We recognize that we are in a competitive marketplace when it comes to finding top talent. As a result, talent acquisition and the retention of employees continue to be a priority initiative for the Company. Our leaders across all levels of the organization consistently review their business metrics to determine appropriate workforce planning goals. We offer a variety of career paths for our employees; which includes consistent training and development through online resources, job shadowing, mentoring, etc. Our employees may participate in a robust benefits program, which includes a focus on health and wellness, and we offer a variety of other employee perks. We believe our compensation packages and benefits are competitive with others in our industry. We are committed to consistently evaluating total compensation across all positions within the Company.
As we look to the future, we will continue to leverage the core principles and practices that contributed to our past achievements, while welcoming new perspectives that allow our organization to evolve with the changing economic landscape. We will maintain our commitment to quality craftsmanship, providing excellent customer service, hiring from within when possible and fostering an internal culture that supports collaboration and teamwork as well as work-life balance.
In response to the COVID-19 pandemic, we implemented safety protocols and procedures to protect our employees, our subcontractors and our customers. These protocols include complying with social distancing and other health and safety standards as mandated by state and local government agencies, taking into consideration guidance from the Centers for Disease Control and Prevention and other public health authorities. Certainly, there has been a significant shift to moving much of our workforce to a work from home/remote environment, particularly in Corporate and Division offices, to minimize in-person interactions. In addition, we have instituted a mandatory COVID-19 vaccination policy at our Corporate office, which was expanded to customer facing sales and home gallery personnel in January 2022.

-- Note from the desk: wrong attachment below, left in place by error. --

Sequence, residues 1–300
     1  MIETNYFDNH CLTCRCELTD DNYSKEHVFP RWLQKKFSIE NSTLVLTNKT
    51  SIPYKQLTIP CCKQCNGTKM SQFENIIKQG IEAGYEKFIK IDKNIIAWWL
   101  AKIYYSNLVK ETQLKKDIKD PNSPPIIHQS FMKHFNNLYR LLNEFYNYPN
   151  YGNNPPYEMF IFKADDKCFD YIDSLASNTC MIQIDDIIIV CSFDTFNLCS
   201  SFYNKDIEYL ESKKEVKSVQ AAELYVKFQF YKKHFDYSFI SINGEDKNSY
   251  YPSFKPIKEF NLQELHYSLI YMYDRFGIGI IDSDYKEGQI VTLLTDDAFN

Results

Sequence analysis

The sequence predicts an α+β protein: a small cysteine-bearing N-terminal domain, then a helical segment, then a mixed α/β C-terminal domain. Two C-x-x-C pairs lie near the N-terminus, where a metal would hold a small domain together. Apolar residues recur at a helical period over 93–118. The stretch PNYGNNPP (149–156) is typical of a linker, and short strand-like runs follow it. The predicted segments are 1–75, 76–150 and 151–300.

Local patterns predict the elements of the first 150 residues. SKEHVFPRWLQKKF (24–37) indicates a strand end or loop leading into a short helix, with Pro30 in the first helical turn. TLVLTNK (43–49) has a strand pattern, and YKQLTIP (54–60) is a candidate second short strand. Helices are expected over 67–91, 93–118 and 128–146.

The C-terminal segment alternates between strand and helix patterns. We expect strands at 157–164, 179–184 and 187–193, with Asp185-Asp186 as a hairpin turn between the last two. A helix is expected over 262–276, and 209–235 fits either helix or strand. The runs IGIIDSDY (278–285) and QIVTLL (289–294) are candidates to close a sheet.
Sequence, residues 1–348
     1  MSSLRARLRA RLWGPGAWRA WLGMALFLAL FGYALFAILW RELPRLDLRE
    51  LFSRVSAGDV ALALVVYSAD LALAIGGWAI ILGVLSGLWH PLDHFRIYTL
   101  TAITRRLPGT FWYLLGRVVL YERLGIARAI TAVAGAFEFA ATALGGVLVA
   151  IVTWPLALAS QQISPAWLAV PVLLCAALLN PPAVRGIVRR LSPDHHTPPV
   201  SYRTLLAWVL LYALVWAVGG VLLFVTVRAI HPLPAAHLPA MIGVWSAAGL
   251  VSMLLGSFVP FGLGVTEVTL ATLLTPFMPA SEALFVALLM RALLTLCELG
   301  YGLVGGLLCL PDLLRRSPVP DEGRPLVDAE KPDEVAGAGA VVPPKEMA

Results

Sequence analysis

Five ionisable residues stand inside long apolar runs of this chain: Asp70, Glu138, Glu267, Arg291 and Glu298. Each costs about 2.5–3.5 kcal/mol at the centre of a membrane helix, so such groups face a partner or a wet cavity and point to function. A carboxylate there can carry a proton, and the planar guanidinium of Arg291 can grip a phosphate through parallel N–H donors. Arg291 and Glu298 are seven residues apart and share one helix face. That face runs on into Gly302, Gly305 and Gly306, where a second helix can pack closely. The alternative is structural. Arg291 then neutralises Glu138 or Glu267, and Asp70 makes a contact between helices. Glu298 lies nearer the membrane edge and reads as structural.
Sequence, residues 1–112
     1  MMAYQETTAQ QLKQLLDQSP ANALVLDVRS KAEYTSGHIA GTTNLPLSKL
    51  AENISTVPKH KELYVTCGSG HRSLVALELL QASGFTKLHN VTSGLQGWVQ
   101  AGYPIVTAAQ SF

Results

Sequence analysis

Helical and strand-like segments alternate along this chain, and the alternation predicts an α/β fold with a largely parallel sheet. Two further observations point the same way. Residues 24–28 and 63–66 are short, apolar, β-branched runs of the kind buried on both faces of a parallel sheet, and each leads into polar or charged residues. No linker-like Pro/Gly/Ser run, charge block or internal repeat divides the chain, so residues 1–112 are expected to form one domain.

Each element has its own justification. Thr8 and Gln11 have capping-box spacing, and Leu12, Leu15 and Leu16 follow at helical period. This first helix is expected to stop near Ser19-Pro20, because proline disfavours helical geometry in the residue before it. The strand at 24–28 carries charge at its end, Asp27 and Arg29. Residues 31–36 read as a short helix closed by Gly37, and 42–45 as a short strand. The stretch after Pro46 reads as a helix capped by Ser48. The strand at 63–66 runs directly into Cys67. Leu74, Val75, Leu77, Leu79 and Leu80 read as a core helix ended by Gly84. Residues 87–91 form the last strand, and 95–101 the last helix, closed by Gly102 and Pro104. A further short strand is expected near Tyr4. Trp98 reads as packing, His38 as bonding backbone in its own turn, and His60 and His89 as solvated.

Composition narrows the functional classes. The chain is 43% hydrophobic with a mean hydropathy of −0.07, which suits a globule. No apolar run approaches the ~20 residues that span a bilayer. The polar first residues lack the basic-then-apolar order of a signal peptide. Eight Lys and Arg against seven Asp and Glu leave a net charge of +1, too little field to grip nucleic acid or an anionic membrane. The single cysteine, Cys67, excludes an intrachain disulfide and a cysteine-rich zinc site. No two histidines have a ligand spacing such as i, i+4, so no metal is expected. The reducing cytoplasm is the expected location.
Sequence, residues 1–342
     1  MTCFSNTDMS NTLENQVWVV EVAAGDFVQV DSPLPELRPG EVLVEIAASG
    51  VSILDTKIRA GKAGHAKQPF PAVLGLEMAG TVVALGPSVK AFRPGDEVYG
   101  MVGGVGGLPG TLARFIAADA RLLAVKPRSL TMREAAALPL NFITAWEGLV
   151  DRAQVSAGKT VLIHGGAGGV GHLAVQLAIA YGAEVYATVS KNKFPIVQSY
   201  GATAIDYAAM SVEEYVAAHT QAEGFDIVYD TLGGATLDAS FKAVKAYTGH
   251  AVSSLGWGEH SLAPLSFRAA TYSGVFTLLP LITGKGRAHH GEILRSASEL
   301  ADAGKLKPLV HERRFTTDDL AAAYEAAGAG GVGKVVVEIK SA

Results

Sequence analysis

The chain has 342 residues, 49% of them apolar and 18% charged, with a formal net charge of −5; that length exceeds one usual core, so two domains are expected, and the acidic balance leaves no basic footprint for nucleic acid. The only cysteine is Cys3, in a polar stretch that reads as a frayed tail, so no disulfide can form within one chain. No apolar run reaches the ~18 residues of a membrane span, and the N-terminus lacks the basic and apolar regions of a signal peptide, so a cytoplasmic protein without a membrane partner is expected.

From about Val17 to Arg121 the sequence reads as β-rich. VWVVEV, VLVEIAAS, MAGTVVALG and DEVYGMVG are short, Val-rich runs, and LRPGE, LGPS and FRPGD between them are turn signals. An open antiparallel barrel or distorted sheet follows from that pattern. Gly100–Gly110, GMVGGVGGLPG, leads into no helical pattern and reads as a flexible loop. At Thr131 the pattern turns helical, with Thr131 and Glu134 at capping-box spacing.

(e) Available Information
We make our Annual Report on Form 10-K, Quarterly Reports on Form 10-Q, Current Reports on Form 8-K and amendments to those reports filed or furnished pursuant to Section 13(a) or 15(d) of the Securities Exchange Act of 1934, available free of charge on our website as soon as reasonably practicable after we file or furnish the materials electronically with the Securities and Exchange Commission (“SEC”). To obtain any of this information, go to our website, www.mdcholdings.com, and select “SEC Filings” from the menu. Our website includes our: (1) Corporate Governance Guidelines; (2) Corporate Code of Conduct; (3) Rules for Senior Financial Officers; (4) Audit Committee Procedures for Handling Confidential Complaints; (5) charters for the Audit, Compensation, Legal and Corporate Governance/Nominating Committees; (6) Director Standards of Independence; and (7) Lead Director Description. These materials may be obtained, free of charge, at www.mdcholdings.com (select “Governance”).